I thought I was so original as a child, but it turned out that part of the melody was a blatant rip-off (“With white clouds” sounds like “Three Blind Mice”). I also wrote a wonderfully lyrical song called “Keep on Smiling” which I thought was so romantic and cool, until years later when I realized it was the melody from “Rocky.” Other hits included “Helicopter,” “Dice Yeah” and “Crain Street.” At least these songs seemed completely original, but mostly because I haven’t gone back to analyze them. And you can’t make me!

I thought the band lasted quite a long time – at least 2 summers, but I can’t be certain. Brian eventually acted out The Beatles experience to the point that we dressed up old pill bottles with homemade labels like “Heroin” and “Cocaine” and pretended to experience a police bust. In the end, the band couldn’t last. We burnt out too fast, like shooting stars, or maybe more like incense.

The whole experience gave me a taste of the thrill of performance and provided instant gratification – mostly because I had no idea how bad we sounded. I could write a song, and then the next day we would record it. No one in the neighborhood had anything to do with their time (pre-Internet/cell phones), so they would sit and listen to our “concerts.”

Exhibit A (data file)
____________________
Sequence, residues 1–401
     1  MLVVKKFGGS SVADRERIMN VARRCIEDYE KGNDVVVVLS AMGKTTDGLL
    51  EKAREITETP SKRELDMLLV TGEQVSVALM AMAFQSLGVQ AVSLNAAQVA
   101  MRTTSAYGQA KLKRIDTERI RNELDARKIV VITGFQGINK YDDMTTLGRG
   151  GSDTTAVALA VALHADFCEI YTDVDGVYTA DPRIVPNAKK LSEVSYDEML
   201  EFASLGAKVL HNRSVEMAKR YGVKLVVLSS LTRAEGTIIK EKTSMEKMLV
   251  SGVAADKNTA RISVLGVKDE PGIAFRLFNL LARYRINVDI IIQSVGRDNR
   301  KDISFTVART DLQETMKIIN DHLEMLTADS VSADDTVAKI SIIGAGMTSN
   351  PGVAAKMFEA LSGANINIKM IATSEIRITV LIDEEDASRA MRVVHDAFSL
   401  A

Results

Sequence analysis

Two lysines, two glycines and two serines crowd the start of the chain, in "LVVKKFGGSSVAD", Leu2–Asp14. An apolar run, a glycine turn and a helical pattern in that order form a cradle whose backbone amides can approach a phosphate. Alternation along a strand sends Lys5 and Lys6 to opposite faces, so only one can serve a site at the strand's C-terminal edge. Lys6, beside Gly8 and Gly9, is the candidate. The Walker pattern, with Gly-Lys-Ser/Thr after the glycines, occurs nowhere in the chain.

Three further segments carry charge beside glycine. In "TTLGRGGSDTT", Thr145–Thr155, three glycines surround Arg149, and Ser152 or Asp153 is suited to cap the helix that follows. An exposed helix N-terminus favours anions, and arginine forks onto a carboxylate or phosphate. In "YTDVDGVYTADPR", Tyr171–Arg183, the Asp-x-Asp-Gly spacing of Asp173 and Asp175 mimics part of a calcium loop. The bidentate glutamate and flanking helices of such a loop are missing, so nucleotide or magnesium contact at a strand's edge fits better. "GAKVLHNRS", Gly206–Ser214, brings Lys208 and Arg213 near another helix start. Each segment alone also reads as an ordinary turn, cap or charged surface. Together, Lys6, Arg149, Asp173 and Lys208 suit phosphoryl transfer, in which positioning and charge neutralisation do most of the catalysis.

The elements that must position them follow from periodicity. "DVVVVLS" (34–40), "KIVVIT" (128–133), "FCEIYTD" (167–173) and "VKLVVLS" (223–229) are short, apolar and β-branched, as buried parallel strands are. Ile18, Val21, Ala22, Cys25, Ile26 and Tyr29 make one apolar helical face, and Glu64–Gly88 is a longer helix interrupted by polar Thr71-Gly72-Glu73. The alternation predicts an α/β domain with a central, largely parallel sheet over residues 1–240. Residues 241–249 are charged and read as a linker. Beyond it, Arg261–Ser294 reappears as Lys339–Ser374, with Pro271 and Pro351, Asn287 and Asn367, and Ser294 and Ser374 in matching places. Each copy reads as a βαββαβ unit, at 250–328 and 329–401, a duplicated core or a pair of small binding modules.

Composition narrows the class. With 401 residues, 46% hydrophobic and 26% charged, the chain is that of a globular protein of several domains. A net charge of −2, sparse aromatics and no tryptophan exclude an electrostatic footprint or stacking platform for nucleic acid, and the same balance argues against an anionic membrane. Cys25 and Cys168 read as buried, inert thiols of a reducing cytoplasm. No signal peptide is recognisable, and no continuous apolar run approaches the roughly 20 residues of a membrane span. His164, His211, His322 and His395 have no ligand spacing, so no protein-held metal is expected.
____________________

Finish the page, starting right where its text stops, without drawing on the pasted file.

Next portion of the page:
My drive for instant gratification never ended. It’s still true today. I want to see the product of my work as fast as possible. That’s the reason that the web series has proved to be quite a challenge. It took much longer than I expected, and bringing all the little pieces together to make a final product required time and patience. In the old days, I could sit down with a piece of paper, some colored markers, and throw together what I considered to be a hilarious cartoon birthday card for someone in my family. They would read it within the hour. The results were immediate, and the audience reaction always positive because of the gesture.

Soon I will be sending all my friends what I consider to be a fun card in the form of a 6-episode web series season. So, I look forward to the instant gratification that can only come with a 3-year homemade project. And then I will get back to my inner child, and make a few projects that may feel like they were made with construction paper and crayons. That way, I won’t have to wait another 3 years for my fix.

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By the way, I still get opportunities to play my horn to this day. I will be playing with The Outcast Jazz Band at Grant Park as part of the summer dance series on Friday, July 26, 2013:

http://www.cityofchicago.org/city/en/depts/dca/supp_info/chicago_summerdance1.html